New West-based Patricia Celan made international news in 2013 when she got on the Miss BC pageant stage and shaved her head to raise funds for cancer. In fact, she had raised the most funds compared to any other Miss BC contestant that year ($10,000) — a feat that won her the Miss Charity BC title.
Celan, who was once a Top Teen of Canada and Miss Teen BC contestant, never stopped competing in pageants. After she got married in 2014, she simply explored beauty pageants for married women. "Pageants are the best place to find a loving sisterhood of strong women who often remain friends for life after a pageant ends," she said.
In the past few years, among other awards (like People Choice Winner in Mrs. International 2021, and fourth runner-up in Galaxy Canada pageant), Celan won the Mrs. Canada title in the summer of 2020 — one that gives her the right to compete in Mrs. Universe contest that’s to take place in Seoul, South Korea, in December 2022.
While Celan is training for the big event with a pageant coach, she is also putting in hours as a psychiatry trainee and student. Her tight routine also includes daily hot yoga sessions, a run a few times a week, and an all-vegan diet.
The Record chatted with the former Hyack Princess on how she does it all.
You will be representing Canada in the Mrs. Universe contest in Seoul. What kind of preparations do you have to do for it?
I need a national costume. I'll be making a costume that represents Canada. I also need to have an evening gown and a fitness wear outfit (no swimsuits). The most important part is the interview component. A lot of people don't realize that for pageants, there's behind-the-scenes interviews that happen before anyone ever gets on stage. And that is the most important part.
The purpose of the (Mrs. Universe) pageant is to raise awareness about domestic violence, and fundraise to support programs that prevent domestic violence. So I'll have to do either a presentation, a speech or a video about the topic of domestic violence.
Each pageant supports a cause. For Miss BC, it's Cops For Cancer (it's part of the Canadian Cancer Society); Mrs. Galaxy Canada champions Give Kids the World, a charity for children who are critically ill — for them to have a make-a-wish experience.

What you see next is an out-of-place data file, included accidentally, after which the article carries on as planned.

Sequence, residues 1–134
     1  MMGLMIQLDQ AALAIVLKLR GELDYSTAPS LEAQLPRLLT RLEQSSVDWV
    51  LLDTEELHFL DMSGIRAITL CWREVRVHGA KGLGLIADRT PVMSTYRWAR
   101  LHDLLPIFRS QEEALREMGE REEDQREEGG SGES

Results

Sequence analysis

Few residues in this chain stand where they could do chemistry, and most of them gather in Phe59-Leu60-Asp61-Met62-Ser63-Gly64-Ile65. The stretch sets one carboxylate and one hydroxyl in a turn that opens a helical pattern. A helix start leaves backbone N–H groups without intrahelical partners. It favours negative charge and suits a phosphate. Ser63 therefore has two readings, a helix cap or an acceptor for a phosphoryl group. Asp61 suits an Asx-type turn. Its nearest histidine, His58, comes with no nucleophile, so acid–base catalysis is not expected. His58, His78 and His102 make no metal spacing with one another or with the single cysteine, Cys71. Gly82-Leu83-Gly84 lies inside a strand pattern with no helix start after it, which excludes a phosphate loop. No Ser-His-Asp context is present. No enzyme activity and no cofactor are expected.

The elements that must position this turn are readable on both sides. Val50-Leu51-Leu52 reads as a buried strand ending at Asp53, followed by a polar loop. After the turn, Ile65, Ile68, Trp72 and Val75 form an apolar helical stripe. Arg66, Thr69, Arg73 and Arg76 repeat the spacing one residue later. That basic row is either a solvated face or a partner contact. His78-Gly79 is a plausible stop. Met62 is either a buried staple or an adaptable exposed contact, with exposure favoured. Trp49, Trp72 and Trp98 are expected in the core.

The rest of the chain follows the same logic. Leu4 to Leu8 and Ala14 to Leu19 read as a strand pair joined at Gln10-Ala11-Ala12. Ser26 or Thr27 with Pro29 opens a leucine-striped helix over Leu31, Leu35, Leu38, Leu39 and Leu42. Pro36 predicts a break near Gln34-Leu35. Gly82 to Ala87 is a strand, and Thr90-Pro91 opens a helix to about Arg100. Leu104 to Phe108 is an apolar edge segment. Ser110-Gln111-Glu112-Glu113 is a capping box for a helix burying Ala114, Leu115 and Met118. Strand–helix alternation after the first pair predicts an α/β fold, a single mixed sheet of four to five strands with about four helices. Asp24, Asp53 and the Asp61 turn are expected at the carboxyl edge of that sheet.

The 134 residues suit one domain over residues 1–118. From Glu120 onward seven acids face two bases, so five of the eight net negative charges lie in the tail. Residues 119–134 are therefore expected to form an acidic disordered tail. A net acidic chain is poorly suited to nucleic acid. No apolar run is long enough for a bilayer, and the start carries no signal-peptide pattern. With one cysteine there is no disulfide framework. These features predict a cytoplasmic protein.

You have been raising awareness about domestic violence…
My platform for pageantry is raising awareness about domestic violence. It actually works out well that that's what Mrs. Universe champions — because that has been my personal platform for the Mrs. Canada and Mrs. International pageants.
I grew up in an abusive environment. And it did make me grow up too fast. That’s why it's something I want to raise awareness about — the things that happen behind closed doors, the domestic violence that people often don't know about, and that people stay in for a really long time because they don't know how to get out of it.
So I made a website isthatabuse.com, which is part of my platform for raising awareness for abuse victims, and it's focused on abuse of different types —there's abuse in domestic situations, there's intimate partner violence, there's also abuse of children, abusive adults, elders, animal abuse... human trafficking is also a form of abuse that I have put on the website, as well as abusive therapy relationships.
These are all part of this overall idea of human beings abusing others. This is something that we need to all be more aware about, and something that we all need to learn to see the signs of and prevent it... and help people who are stuck in abusive situations.
If I win Mrs. Universe I would use the title to continue to raise awareness about domestic violence, and expand my website so that it would reach more than just Canada.
You won Miss Hyack Princess in 2010; was that your first exposure into the world of pageants?